The shield's wavy pale represents the San Jacinto River and also alludes to the wake of a ship. The representation of the Texas flag on the shield symbolizes the independence won by the Texans in defeating a Mexican Army at the Battle of San Jacinto in 1836. The eagle, a national symbol of both Mexico and the United States, reflects Texas history and victory at San Jacinto. The armed eagle symbolizes the combat readiness of the ship as a part of a strong national defense. Dark blue, the primary color of the shield, and gold, the predominant color of the main charge, are traditionally associated with the Navy.
The crest's propeller alludes to the first USS SAN JACINTO, which was one of the United States Navy's first screw-type warships. The wings suggest the second USS SAN JACINTO (CVL 30), a light aircraft carrier. The stars on the sword denote the five battle honors awarded to the second USS SAN JACINTO for World War II service. The sword connects the present USS SAN JACINTO, with its state-of-the-art technology, to previous ships of that name.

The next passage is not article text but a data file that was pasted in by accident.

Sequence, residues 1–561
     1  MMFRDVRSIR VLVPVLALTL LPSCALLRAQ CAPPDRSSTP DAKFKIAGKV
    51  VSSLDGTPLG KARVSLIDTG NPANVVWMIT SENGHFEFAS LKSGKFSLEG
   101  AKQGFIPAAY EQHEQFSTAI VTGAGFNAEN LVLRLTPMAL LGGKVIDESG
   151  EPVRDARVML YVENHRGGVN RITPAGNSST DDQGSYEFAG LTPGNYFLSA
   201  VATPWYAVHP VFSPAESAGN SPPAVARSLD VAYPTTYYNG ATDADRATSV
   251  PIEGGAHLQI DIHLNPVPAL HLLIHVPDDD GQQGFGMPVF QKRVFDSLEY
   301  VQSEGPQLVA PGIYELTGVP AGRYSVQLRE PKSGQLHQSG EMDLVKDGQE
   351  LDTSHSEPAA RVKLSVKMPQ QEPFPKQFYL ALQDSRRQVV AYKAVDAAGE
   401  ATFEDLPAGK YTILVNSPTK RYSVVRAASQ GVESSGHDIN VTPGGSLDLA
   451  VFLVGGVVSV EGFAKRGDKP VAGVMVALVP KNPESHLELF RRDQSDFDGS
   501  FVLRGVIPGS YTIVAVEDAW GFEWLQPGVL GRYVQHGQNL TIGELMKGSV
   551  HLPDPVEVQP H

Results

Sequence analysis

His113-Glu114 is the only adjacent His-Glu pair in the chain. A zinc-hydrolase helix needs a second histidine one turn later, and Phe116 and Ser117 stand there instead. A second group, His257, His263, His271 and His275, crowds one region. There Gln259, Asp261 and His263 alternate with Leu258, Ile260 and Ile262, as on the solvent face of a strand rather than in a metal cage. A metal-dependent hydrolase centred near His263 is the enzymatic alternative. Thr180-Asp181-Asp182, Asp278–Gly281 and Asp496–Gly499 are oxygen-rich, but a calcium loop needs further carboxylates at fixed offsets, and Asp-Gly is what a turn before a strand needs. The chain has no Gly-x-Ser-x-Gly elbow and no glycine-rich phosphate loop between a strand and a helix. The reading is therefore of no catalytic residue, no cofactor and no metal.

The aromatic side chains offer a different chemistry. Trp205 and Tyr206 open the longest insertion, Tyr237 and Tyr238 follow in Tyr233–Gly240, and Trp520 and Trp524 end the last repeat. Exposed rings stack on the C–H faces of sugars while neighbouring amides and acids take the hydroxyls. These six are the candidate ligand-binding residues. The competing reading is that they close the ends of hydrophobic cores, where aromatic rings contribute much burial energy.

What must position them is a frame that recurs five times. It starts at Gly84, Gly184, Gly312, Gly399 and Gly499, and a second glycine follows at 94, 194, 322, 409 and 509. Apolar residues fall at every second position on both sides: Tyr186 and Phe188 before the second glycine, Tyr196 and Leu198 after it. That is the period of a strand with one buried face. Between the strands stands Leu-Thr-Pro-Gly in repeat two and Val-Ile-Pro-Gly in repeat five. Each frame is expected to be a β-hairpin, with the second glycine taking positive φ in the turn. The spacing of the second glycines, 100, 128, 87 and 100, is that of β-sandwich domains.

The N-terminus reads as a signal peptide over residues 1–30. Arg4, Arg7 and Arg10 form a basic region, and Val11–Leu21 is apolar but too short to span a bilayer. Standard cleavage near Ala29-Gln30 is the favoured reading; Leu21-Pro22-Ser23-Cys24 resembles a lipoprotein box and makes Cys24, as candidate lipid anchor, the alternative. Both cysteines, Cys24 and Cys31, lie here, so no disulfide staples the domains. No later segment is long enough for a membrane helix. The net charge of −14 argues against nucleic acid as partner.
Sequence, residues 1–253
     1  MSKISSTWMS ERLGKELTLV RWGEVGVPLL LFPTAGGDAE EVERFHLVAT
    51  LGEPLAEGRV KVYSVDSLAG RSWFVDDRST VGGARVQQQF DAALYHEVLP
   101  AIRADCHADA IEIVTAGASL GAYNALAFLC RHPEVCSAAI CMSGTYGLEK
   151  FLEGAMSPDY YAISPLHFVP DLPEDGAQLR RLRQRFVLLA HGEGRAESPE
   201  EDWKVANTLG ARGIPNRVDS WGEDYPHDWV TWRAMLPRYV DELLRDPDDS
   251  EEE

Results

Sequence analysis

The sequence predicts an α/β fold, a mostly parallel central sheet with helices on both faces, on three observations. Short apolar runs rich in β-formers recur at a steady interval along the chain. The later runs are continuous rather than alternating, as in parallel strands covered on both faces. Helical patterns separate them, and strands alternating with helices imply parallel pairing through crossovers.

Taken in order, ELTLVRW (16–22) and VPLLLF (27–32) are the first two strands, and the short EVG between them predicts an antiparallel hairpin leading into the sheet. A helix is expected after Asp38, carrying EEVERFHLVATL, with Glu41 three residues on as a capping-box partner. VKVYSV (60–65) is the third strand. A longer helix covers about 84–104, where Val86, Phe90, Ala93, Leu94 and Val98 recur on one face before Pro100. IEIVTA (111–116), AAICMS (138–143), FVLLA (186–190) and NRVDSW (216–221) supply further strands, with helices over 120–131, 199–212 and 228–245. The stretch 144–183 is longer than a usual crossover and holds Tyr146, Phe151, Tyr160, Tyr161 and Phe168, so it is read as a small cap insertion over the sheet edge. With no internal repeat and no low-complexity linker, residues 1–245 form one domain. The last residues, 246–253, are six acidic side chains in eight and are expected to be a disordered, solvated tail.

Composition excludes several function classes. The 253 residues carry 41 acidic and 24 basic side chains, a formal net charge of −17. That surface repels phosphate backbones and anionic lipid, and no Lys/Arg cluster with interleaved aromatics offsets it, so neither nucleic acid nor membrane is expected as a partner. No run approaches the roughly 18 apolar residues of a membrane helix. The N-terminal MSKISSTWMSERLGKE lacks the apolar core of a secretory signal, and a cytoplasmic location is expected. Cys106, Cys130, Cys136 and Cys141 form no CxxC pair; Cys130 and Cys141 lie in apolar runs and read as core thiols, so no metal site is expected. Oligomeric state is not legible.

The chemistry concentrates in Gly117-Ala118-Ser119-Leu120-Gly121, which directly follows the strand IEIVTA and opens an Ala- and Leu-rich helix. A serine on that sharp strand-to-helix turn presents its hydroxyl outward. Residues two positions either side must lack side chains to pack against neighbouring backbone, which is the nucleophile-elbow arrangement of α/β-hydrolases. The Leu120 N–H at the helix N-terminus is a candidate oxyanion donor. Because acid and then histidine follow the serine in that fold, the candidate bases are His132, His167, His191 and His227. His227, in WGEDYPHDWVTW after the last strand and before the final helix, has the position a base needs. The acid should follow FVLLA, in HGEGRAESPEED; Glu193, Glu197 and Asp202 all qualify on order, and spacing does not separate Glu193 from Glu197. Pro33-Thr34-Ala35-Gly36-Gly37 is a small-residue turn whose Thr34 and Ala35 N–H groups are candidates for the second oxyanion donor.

The motto's words, "Victory is Certain", is a quote from General Sam Houston's speech as he spoke to his outnumbered men before the Battle of San Jacinto.